By Chris Lane
By Jeff Balke
By Aaron Reiss
By Angelica Leicht
By Dianna Wray
By Aaron Reiss
By Camilo Smith
By Craig Malisow
The offices and printing plant of the Houston Chronicle at 801 Texas lie smack in the middle of the booming west side of downtown, across the street from the reborn, glittering Rice Lofts and its stylish bars and eateries. Homeowners in similarly upgrading inner-city areas have learned the hard way that when tear-downs next door are replaced by spiffy new condos, the fallout is soaring property taxes.
For Houston's self-proclaimed leading information source and champion of downtown revitalization, the gentrification experience has been far less traumatic on its pocketbook.
Two years ago, the Harris County Appraisal District valued the Chronicle's block-long 12-lot property at $18.2 million. Last year, the appraised value slipped to $15.5 million, even as the surrounding blocks exploded with development. Two months ago, after the paper's agents argued their case before a three-person appraisal review board, that value was further lowered to $11.1 million, a more than 40 percent reduction over two years, which adds up to more than a quarter-million dollars in property tax savings.
At the rate things are going, the Hearst-owned paper may eventually get its appraisal down to where it claims it should be: a bargain-basement $6.4 million for a prime block of downtown real estate.
Harris County Chief Appraiser Jim Robinson believes the paper got an unjustified tax break. "We obviously think it's erroneous, and we will revisit it next year," says Robinson. "I think it's pretty likely we will be raising the value back up."
Stevan Bach, the expert appraiser hired by the paper to sway the HCAD review board, described the Chronicle headquarters in almost Dickensian sweatshop terms. According to Bach, the paper's employees labor in a ramshackle mishmash of four old buildings sheathed by cosmetic marble and connected by hallways that don't jibe. The interior is laced with calcified pipes, asbestos sealed in office walls, and nearly obsolete boilers and chillers. Listening to Bach, one might conclude that the workers deserve hardship duty pay and the owners are lucky that their shanty in the shadow of Chase Tower hasn't collapsed under its own weight.
While Bach estimated the land value of the Chronicle property at $100 to $150 a square foot, an HCAD contract appraiser, Austin-based Pritchard and Abbot, saw the dollar signs leaning in the other direction. P&A contended that square-foot property values in the area have soared to over $200. As proof, the appraisers pointed to last year's sale of a parcel at 914 Jefferson that went for $290 a square foot. At that rate, Hearst's 62,500 square feet would be worth more than $18 million, not counting the value of property improvements.
The Chronicle has succeeded over the past two years in forcing the appraisals downward by getting HCAD to evaluate the property based on its use as an office and an industrial facility, while discounting the rising land value. Chief district appraiser Robinson concedes that the district was outgunned by Bach, who produced reams of documentation for the review board that the HCAD appraisers were forced to rely upon to argue their own case.
The paper is a unique downtown fixture, combining office space and printing presses, where much of the Chronicle is produced and distributed.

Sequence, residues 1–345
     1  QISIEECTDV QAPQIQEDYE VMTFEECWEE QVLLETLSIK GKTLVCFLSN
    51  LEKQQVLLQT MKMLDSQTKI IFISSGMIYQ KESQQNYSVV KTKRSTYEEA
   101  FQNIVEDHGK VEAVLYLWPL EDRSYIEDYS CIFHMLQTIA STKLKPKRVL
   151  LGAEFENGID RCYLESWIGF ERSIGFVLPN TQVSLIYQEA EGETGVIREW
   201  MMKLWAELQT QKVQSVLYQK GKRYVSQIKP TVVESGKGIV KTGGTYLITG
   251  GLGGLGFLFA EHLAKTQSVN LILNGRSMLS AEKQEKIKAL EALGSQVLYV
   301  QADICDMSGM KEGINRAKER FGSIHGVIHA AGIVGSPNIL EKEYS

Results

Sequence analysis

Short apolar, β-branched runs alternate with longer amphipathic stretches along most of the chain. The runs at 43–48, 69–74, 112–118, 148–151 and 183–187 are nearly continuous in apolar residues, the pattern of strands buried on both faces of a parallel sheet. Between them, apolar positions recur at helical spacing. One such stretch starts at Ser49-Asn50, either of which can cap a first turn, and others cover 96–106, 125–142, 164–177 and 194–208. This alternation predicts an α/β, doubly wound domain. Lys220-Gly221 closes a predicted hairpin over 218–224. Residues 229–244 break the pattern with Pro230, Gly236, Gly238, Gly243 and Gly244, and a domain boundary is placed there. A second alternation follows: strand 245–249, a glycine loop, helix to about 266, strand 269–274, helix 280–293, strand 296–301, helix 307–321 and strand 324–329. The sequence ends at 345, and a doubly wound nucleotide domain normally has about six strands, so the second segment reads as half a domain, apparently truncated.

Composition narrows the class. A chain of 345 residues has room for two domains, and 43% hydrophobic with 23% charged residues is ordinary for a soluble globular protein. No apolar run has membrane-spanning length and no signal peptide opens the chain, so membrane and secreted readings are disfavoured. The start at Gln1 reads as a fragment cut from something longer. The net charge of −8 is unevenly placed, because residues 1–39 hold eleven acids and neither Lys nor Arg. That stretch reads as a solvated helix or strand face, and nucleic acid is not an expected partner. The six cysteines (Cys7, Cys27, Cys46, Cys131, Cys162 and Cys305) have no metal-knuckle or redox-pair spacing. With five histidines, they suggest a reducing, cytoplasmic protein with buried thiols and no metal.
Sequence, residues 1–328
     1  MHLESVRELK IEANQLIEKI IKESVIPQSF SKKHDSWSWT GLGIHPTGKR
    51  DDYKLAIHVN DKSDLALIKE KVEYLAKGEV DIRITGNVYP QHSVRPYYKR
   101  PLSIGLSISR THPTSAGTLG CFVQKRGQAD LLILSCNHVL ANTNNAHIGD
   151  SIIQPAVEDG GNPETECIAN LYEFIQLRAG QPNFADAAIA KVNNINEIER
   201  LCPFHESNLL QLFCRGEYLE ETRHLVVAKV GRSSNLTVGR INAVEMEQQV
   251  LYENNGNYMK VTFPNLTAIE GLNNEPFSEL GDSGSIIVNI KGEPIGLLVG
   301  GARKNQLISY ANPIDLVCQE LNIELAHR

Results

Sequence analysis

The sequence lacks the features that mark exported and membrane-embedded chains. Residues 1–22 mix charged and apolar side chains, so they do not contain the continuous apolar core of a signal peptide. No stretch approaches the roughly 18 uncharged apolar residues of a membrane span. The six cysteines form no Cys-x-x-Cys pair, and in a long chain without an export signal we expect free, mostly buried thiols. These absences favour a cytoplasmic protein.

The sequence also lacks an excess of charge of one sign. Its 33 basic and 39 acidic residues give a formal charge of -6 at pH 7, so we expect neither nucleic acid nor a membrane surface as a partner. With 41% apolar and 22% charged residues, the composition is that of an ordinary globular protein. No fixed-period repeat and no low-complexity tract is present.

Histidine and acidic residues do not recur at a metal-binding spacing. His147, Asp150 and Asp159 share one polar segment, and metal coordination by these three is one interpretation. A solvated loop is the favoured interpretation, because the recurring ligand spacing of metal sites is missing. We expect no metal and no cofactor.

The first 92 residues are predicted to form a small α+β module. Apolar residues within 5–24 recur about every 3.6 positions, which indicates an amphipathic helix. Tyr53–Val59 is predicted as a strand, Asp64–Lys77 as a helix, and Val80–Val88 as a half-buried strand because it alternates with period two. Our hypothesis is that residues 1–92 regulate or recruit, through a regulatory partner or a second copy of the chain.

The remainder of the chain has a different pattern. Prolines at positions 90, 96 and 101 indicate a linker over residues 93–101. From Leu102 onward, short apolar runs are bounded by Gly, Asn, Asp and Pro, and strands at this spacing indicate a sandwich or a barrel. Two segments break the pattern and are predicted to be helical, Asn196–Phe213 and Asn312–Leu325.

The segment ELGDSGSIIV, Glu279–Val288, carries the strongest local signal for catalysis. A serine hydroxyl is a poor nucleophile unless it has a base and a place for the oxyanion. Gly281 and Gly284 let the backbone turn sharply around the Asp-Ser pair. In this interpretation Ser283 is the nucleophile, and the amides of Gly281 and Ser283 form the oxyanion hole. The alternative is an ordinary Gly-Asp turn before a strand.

Environmental considerations require that the printers' ink and toxic solvents at the plant be carefully monitored and disposed of safely. Bach estimated the environmental processing costs add up to $1 million a year. He argued that the industrial portion of the building, a little more than a third of the nearly half-million total square feet, should be valued at $3 a square foot, levels closer to a warehouse in east Houston than downtown. He also pointed out that extensive asbestos in the office portion of the buildings will eventually have to be removed.
Bach's approach seemed to catch HCAD appraisers by surprise. After he finished his presentation to the review board, the appraisers lowered their own estimate from $16.7 million to $11.8 million. The board then set the 1999 value at $11.1 million.
Robinson contends that Bach's analysis is flawed and that the value should be at least $16 million. He says he and his assistant Guy Griscom will have a different strategy next year. According to the chief appraiser, the approach will be similar to how HCAD evaluated ramshackle apartment complexes in the highly priced Galleria area. In that instance, appraisers ignored the improvements and simply pegged the value at what it would be worth as a vacant lot.
"Griscom tells me that if [the Chronicle building] were gone, that block is worth well over $200 a foot, which would bring the value up around the $16 million range," says Robinson. "For next year, what [Griscom] is going to do is look at completely writing the building down to a tear-down, and making an adjustment for the destruction, and loading most of the value onto the land."
Robinson's characterization of the Chroniclebuilding as a tear-down may not be that far off the mark. Bach told the review board it doesn't make much sense to replace the building's aging cooling, heating and drainage infrastructure if it may be demolished within a few years.
However, the paper will be counting on a hefty tax write-off if demolition does occur. Bach told the review board it will cost a minimum of $2 million to flatten the building, plus $400,000 to get rid of that noxious asbestos in the office sections.
Perhaps Chronicle writers should think about that the next time they take a deep breath during a tough deadline.